President Obama’s recent comments on climate change and the need for additional federal regulation of greenhouse gases carelessly handled the science he quotes. I know, it’s just politics, but the findings of science take a bit more time to consume than a 10-second “sound bite.”
President Obama’s address to students at Georgetown University on June 26 clearly impressed listeners of his willingness to fight climate change by presidential fiat rather than by engaging in legislative give-and-take to reach a more collectively acceptable solution. The legislative process was intentionally designed to be pedestrian so that issues would be thoroughly vetted and the citizenry heard. I suppose that view is so 20th century.
The president in his Georgetown speech said that he doesn’t “have much patience for anyone who denies the challenge [that climate change] is real.” His statement conflates climate change (which no one denies is occurring and which can have devastating effects) with the implicit assumption that man’s activities are the proximate cause.
A quick check of the facts shows that for the past 17 years the global average annual temperature has remained statistically unchanged, even while global CO2 emissions have risen near 50% since 1990 with the U.S. portion of global emissions about 16% today. Even the infamous Phil Jones of the UK’s Climatic Research Unit, when pressed, admitted in a recent interview that the global average temperature rise from 1995 “is positive (0.12C per decade), but not significant at the 95% significance level.” What Jones failed to say is the measurement uncertainty is 0.5C (see “Where’s the Warming?” in the February 2013 issue).
Science by Vote
Three comments by Obama at Georgetown played fast and loose with science. First, he dogmatically repeated the talking point “ninety-seven percent of scientists… acknowledged the planet is warming and human activity is contributing to it.” It is certainly a delicious sound bite, but is otherwise tasteless. The study upon which this claim is based has been thoroughly debunked. J.D. Cook, et al. published “Quantifying the Consensus on Anthropogenic Global Warming in the Scientific Literature” based upon the authors’ survey of only paper abstracts. Cook, et al. admit, in statistics released weeks after the paper was published, that only 1.8% of authors actually expressed an opinion in the abstract. Nevertheless, the reviewers were somehow able to divine each author’s true opinions. Google it and come to your own conclusions.
Second, it’s true, as Obama noted, that last July a new “high” temperature record was set, but there’s more to the story. The “high” temperature was a mere 0.2C higher than the previous record, which you now know is a meaningless statement because the measurement uncertainty is 0.5C. Even so, if you take the time to look at the data, you’ll find that the “high” wasn’t set based on the highest temperature recorded during the day, as he would like you believe, but rather the nights were less cool than when the previous record was set in the 1930s. The so-called “average” temperatures quoted are determined by the average of the highest and lowest temperatures that occur during a particular day.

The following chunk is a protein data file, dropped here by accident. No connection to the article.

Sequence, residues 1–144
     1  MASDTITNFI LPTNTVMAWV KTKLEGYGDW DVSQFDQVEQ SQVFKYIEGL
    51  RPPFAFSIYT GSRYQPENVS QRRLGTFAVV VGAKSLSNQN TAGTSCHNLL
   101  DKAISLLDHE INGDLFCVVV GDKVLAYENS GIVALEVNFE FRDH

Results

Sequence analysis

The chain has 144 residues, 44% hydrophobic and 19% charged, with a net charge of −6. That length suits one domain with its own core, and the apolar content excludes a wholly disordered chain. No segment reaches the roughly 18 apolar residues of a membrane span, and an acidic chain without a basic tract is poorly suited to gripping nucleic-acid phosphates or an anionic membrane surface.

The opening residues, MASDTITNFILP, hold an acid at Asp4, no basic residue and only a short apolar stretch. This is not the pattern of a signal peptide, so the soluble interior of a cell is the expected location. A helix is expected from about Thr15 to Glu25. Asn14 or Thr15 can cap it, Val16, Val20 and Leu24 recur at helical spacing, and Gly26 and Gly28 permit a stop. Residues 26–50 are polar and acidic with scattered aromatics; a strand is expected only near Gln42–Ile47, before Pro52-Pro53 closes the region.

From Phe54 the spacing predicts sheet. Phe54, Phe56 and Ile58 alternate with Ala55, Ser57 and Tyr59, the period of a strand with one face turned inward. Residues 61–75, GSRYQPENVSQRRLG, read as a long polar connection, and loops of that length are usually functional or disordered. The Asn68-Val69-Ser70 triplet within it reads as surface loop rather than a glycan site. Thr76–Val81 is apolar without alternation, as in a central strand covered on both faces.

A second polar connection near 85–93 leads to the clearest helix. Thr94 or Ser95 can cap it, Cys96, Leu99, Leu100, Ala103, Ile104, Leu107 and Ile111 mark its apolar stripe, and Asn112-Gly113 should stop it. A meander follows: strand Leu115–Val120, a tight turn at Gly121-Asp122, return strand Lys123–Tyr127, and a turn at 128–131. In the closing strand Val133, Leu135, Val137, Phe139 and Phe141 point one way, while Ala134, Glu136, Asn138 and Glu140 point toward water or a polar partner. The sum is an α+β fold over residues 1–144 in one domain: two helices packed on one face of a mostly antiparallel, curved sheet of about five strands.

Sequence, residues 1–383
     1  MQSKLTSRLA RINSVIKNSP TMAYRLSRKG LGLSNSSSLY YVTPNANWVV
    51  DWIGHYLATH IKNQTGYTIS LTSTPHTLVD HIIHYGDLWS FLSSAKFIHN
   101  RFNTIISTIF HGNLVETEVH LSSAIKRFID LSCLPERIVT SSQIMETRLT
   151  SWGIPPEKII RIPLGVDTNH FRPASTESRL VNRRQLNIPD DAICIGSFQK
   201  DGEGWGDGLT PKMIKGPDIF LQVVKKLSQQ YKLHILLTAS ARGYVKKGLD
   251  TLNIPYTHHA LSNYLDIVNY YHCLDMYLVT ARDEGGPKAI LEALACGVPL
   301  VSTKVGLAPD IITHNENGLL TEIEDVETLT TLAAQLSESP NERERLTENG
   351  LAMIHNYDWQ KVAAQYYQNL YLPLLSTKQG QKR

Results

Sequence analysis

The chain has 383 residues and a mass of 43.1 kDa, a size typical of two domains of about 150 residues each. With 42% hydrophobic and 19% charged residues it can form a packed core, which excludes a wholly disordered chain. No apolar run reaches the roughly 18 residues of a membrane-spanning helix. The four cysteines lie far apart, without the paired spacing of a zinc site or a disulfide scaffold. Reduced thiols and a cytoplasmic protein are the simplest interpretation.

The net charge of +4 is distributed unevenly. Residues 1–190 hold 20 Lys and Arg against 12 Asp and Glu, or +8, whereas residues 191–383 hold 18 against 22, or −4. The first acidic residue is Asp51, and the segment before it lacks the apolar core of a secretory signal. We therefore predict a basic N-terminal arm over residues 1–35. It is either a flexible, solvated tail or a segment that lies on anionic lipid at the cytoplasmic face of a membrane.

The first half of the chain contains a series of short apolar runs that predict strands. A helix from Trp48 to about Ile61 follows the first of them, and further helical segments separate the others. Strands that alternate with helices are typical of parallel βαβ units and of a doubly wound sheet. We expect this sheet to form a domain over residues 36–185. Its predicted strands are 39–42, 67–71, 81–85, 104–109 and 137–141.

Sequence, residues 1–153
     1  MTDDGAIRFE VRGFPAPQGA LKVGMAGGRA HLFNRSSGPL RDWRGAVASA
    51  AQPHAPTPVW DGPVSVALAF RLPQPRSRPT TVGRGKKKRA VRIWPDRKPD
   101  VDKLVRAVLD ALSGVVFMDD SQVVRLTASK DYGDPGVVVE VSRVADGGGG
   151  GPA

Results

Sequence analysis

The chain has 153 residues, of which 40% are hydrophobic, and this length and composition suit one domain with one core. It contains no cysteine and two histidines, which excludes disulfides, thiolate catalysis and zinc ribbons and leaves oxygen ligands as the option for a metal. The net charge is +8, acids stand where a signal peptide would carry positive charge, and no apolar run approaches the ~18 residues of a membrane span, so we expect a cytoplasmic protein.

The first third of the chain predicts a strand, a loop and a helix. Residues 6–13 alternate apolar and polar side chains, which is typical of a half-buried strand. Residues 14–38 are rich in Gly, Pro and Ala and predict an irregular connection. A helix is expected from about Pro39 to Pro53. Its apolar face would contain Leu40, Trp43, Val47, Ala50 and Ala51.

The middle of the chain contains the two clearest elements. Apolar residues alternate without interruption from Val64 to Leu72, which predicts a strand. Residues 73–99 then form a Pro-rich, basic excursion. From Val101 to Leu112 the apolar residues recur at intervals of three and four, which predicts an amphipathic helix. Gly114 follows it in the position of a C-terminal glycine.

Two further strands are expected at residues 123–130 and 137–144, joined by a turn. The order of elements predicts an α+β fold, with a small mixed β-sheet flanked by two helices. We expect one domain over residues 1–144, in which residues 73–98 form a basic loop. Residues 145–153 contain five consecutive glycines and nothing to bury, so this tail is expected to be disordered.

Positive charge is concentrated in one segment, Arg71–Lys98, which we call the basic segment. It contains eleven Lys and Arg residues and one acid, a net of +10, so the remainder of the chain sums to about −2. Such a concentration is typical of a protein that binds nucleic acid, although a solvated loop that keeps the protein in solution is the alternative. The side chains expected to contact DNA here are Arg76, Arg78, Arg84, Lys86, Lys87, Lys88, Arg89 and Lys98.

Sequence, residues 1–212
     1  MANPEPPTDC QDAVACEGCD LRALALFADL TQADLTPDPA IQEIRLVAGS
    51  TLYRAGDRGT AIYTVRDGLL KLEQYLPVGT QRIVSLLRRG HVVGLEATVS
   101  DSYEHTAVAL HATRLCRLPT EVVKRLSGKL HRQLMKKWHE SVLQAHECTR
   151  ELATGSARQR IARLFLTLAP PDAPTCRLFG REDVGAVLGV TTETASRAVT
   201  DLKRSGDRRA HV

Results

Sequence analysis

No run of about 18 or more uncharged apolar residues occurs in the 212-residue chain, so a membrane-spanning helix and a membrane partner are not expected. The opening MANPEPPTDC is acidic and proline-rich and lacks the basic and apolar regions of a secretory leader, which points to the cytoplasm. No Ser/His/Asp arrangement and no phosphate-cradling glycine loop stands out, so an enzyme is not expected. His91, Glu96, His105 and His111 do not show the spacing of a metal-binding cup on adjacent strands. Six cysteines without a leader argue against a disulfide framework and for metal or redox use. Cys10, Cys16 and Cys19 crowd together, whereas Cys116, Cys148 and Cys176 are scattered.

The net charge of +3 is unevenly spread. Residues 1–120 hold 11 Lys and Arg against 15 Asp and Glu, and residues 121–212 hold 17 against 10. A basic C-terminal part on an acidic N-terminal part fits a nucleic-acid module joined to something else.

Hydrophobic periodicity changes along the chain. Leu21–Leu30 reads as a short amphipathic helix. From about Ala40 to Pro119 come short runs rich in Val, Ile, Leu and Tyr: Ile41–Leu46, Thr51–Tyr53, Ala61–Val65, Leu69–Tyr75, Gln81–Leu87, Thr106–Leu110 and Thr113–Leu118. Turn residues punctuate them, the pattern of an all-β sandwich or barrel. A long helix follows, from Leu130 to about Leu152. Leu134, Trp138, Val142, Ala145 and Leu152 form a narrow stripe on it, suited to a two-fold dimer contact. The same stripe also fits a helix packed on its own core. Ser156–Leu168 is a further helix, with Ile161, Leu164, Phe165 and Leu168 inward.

Finally, satellite data of the Arctic has only been collected since 1979, so few valid conclusions are possible about long-term ice melt trends. However, we do know that the National Oceanic and Atmospheric Administration reported last year that the Arctic was showing 28% more ice than in 2007 and Arctic temperatures were higher in the 1930s. Clearly, the president is not shy about cherry-picking science when necessary to make a point.
Selling the Carbon Tax
I’ve saved my biggest gripe with his speech for last. Obama’s sloppy use of science was carefully crafted to gain public support for “carbon pollution” as the source of climate change. Using the term 20 times in his speech, he again conflated carbon dioxide, which is essential to plant life on this planet, with anthropogenic emissions (particularly from coal-fired power plants) as the principal cause of climate change. This rhetorical trick should now be obvious to all who were listening closely (or reading the transcript, as I did).
I wrote in the May issue (“Bait and Switch”) about one of the more noxious carbon tax proposals under consideration, which has the support of the administration. The president’s Georgetown University speech was the logical step two in the administration’s pursuit of a carbon tax. Obama’s role as salesman-in-chief was to cement in the public’s mind the idea that human activity is the principal driver of climate change. I’m not buying what he’s selling and neither should you.
—Dr. Robert Peltier, PE is POWER’s editor-in-chief.